Design and cloning of a system to visualize transcription in real time based on protein complementation


Protein complementation, or more precise protein-fragment complementation, is a method to study protein-protein interactions. Two proteins are tagged with incomplete fragments of a reporter protein (e.g. GFP). if the two proteins come close together for a possible interaction, the parts of the reporter protein form a functional reporter and can be measured. This can be utilized for RNA tagging methods. We work with the coating protein from Pseudomonas phage 7 (PP7) which binds to a specific RNA stem loop. Is the protein tagged with a fluorophore, one can follow transcriptional activity under the microscope in real time.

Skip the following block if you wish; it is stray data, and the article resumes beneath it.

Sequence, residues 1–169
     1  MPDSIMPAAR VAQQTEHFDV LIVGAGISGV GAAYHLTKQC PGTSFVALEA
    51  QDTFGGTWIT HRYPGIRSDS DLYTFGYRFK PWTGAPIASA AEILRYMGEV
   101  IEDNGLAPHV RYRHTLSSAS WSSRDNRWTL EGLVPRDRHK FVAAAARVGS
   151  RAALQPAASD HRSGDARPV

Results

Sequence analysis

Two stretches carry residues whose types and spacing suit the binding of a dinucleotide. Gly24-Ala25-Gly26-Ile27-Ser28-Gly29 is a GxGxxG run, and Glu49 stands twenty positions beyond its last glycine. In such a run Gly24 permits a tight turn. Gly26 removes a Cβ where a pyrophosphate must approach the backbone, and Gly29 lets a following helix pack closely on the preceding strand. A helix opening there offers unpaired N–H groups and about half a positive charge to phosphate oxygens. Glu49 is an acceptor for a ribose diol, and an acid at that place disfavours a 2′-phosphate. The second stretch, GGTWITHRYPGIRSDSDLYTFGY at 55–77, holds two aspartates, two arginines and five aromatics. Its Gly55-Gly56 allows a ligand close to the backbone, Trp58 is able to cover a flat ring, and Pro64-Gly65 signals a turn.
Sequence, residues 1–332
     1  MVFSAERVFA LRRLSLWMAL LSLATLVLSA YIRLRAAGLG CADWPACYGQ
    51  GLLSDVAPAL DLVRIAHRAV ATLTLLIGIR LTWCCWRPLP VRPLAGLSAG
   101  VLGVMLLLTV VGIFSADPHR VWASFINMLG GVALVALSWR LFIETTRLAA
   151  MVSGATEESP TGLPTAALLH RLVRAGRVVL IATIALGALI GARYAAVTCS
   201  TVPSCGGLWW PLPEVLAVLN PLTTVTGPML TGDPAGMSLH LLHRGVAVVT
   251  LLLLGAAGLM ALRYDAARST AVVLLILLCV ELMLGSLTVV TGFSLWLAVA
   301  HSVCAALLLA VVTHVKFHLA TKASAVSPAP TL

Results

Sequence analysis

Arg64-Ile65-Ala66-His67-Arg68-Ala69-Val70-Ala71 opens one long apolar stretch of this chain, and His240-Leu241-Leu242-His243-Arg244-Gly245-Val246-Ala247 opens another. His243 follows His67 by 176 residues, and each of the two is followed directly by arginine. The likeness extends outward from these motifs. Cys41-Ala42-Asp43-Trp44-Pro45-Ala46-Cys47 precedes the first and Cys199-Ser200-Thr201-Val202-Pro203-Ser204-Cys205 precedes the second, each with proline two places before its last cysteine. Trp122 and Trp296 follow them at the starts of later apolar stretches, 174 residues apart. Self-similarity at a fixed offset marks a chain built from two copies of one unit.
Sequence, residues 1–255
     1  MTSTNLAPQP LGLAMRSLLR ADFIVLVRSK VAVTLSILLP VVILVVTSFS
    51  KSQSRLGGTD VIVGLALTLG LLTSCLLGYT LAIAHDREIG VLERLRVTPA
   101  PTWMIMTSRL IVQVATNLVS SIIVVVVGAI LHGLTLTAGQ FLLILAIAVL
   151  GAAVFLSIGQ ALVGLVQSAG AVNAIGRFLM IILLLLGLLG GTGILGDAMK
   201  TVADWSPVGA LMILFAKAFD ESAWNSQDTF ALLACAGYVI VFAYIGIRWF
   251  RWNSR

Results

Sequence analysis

The combination of FRET technique with a RNA tagging technique results in a decrease of background signal for the acceptor. The challange is to design and clone a system based on PP7 and MS2 with a sequence of consecutively repeats of their stem loops to garantee the right distance for protein complementation. The system should be designed for bakers yeast with a inducible promoter to start transcription as wanted.


Familiar with following basic laboratory work: PCR, primer design, transformation, ligation, restriction, homologous recombination, gel electrophoresis, plasmid preparation


Buxbaum, A. R., Haimovich, G., & Singer, R. H. (2014). In the right place at the right time: visualizing and understanding mRNA localization. Nature Reviews Molecular Cell Biology, 16(2), 95–109. doi:10.1038/nrm3918

Wu, B., Chen, J., & Singer, R. H. (2014). Background free imaging of single mRNAs in live cells using split fluorescent proteins. Scientific Reports, 4, 3615. oi:10.1038/srep03615


Jascha Diemer

Francois-Xavier Lehr